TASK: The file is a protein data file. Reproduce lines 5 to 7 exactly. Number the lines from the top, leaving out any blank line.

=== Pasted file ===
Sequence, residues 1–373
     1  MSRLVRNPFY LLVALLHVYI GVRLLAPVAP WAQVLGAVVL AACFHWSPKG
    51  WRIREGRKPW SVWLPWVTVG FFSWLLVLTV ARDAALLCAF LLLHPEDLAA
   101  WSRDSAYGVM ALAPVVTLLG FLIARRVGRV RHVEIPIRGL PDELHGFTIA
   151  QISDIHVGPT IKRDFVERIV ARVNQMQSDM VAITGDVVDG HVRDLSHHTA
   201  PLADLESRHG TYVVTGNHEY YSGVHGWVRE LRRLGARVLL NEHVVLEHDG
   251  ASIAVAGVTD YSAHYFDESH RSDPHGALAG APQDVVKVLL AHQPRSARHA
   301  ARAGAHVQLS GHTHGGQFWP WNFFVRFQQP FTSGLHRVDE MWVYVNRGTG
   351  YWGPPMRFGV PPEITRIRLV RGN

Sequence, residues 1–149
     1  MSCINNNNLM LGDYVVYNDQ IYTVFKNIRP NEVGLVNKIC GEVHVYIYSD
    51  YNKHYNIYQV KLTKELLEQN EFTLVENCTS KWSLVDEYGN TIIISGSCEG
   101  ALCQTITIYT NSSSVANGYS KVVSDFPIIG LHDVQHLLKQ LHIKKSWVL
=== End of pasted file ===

   151  QISDIHVGPT IKRDFVERIV ARVNQMQSDM VAITGDVVDG HVRDLSHHTA
   201  PLADLESRHG TYVVTGNHEY YSGVHGWVRE LRRLGARVLL NEHVVLEHDG
   251  ASIAVAGVTD YSAHYFDESH RSDPHGALAG APQDVVKVLL AHQPRSARHA